Andrea Leadsom has pledged to get rid of “EU billboards littering the landscape” and other such “red tape” in a speech to farmers.
“No more 6 foot EU billboards littering the landscape. No more existential debates to determine what counts as a bush, a hedge, or a tree. And no more, ridiculous, bureaucratic three-crop rule,” she declared. “By cutting the red tape that comes out of Brussels, we will free our farmers to grow more, sell more and export more great British food.”
So now we’ve all established Leadsom doesn’t like debates about trees, what has she actually said? Or, more importantly, what hasn’t she said?
The short answer? Anything past 2020.
While a promise to allow farmers to do whatever they want may go down well, the fact is they still need money to do it with.
Under the Common Agricultural Policy, between 2014 and 2020 the UK is to receive €25.1bn in Pillar 1 funding, and €2.6bn in Pillar 2 funding. As of 2014, roughly 69 per cent of that funding was in direct payments to farmers.
Leadsom repeated the reassurance that farmers will receive “the same level of financial support” as they did under the EU until 2020, and Pillar 2 payments signed before leaving the EU will be “guaranteed for their lifetime”.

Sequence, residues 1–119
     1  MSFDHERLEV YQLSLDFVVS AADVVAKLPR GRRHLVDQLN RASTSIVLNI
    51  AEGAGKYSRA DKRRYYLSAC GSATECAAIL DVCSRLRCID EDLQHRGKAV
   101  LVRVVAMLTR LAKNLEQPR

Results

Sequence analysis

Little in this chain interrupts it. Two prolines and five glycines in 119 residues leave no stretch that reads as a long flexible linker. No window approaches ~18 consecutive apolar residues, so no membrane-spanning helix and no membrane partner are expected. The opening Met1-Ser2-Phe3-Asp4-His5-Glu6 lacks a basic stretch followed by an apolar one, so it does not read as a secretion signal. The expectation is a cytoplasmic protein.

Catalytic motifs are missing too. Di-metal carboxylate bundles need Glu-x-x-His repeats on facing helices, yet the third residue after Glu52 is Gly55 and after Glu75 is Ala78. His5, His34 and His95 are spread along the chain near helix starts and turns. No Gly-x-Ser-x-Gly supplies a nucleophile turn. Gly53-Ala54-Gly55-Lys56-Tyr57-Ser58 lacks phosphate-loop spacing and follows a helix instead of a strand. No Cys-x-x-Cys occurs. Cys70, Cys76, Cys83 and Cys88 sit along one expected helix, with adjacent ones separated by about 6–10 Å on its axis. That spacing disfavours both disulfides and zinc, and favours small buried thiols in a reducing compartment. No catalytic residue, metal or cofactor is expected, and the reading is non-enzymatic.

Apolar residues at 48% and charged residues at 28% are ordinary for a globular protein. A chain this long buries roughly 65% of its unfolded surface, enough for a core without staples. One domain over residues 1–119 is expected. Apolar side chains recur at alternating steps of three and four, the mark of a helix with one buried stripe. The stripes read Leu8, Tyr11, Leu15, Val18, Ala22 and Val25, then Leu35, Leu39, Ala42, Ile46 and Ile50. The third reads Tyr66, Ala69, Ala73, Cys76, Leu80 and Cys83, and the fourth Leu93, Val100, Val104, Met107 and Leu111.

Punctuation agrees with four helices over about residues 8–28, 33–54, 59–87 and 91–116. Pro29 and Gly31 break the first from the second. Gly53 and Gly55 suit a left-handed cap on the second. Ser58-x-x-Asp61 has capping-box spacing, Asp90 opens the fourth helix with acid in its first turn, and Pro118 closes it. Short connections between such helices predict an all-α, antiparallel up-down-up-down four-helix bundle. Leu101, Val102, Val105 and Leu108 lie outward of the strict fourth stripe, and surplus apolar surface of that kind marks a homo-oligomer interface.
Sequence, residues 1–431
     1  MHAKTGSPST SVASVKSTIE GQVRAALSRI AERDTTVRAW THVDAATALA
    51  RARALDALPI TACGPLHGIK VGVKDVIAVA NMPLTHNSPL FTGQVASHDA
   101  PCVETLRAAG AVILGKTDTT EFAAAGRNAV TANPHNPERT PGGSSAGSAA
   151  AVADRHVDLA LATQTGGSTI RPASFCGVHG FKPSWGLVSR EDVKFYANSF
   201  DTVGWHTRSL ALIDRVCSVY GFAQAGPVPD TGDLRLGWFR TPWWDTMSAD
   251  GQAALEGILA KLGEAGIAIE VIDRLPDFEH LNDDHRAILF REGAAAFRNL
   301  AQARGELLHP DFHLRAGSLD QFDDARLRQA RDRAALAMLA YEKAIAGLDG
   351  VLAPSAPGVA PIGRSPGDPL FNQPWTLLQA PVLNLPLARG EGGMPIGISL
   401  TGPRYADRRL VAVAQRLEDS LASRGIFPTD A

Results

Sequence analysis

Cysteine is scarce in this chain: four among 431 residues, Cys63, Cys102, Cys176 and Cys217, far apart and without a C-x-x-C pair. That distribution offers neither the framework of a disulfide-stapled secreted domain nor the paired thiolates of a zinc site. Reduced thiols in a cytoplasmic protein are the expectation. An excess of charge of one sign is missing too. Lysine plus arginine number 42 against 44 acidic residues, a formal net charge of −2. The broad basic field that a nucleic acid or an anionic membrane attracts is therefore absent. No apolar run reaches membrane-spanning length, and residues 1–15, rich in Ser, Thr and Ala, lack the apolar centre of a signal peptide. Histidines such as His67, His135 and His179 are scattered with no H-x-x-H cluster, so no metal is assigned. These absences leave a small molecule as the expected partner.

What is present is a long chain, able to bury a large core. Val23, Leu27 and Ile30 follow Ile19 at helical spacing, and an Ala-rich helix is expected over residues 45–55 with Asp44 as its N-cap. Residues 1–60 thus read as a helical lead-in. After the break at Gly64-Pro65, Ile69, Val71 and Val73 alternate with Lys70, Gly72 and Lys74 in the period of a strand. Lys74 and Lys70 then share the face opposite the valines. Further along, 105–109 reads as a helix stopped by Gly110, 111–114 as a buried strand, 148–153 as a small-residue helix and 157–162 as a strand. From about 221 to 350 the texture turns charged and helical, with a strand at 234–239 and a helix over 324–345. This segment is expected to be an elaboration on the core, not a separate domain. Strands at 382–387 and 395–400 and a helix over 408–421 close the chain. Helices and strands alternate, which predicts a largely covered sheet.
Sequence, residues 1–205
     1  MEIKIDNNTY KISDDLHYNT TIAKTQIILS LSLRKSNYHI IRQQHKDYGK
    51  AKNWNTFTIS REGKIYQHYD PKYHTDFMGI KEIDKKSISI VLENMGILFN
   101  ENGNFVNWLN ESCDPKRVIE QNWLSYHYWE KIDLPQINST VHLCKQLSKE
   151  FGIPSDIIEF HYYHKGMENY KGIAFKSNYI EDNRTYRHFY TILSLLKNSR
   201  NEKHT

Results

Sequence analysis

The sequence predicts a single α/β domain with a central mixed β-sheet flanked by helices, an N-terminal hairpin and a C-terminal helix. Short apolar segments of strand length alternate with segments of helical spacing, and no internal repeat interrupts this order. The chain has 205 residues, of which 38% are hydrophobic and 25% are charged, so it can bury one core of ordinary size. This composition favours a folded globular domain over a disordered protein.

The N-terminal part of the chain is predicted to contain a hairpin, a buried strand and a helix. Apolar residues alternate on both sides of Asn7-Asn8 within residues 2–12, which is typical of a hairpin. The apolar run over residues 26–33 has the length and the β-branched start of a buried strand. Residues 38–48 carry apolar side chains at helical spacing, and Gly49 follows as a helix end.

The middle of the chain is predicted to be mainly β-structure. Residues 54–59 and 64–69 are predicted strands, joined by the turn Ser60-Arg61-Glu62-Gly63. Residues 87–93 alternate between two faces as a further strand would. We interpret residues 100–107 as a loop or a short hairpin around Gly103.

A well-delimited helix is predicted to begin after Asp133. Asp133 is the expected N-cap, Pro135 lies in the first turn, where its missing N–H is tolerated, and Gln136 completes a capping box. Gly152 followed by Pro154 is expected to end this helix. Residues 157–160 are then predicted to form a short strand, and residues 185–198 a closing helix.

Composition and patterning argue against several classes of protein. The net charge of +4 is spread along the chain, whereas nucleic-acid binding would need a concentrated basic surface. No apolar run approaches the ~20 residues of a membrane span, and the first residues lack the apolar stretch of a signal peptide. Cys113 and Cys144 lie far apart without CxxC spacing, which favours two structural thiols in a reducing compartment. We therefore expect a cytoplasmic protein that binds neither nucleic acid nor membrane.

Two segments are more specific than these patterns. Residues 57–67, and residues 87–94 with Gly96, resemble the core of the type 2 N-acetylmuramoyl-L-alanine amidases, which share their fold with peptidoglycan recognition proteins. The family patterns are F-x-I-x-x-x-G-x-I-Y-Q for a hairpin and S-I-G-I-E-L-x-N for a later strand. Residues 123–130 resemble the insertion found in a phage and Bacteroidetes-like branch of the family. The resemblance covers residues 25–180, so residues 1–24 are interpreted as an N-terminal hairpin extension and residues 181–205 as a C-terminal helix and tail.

But since the bulk of direct payments come under Pillar 1, this isn’t very reassuring.
Oh, and there’s another thing. Critics of the Cap have argued for years it is wasteful and doesn’t actually encourage productivity. And some of the leading critics are based in – that’s right, you guessed it – the UK.
According to Jeremy Franks in a June 2016 paper for the Centre for Rural Economy: “The UK has for a long time been in the forefront of the campaign to totally phase out direct payments.”
Defra, Leadsom’s department, concluded in the last round of reform negotiations that Cap payments “provide little value for money for the taxpayer”.
So what did Leadsom promise? She said there will be a “domestic successor” to Cap and a system “fit for the 21st century”. And like the Cap critics of the past, she is extremely interested in productivity.
Leadsom was also one of the founders of Fresh Start, a group of Conservatives demanding EU reforms. In 2013, its manifesto included a demand to “phase out” Pillar 1 direct payments to farmers.
What solution did Fresh Start suggest to help farmers struggling with less financial subsidies? Well, that would be a “parallel reduction in red tape and regulation” – just like the one Leadsom has announced.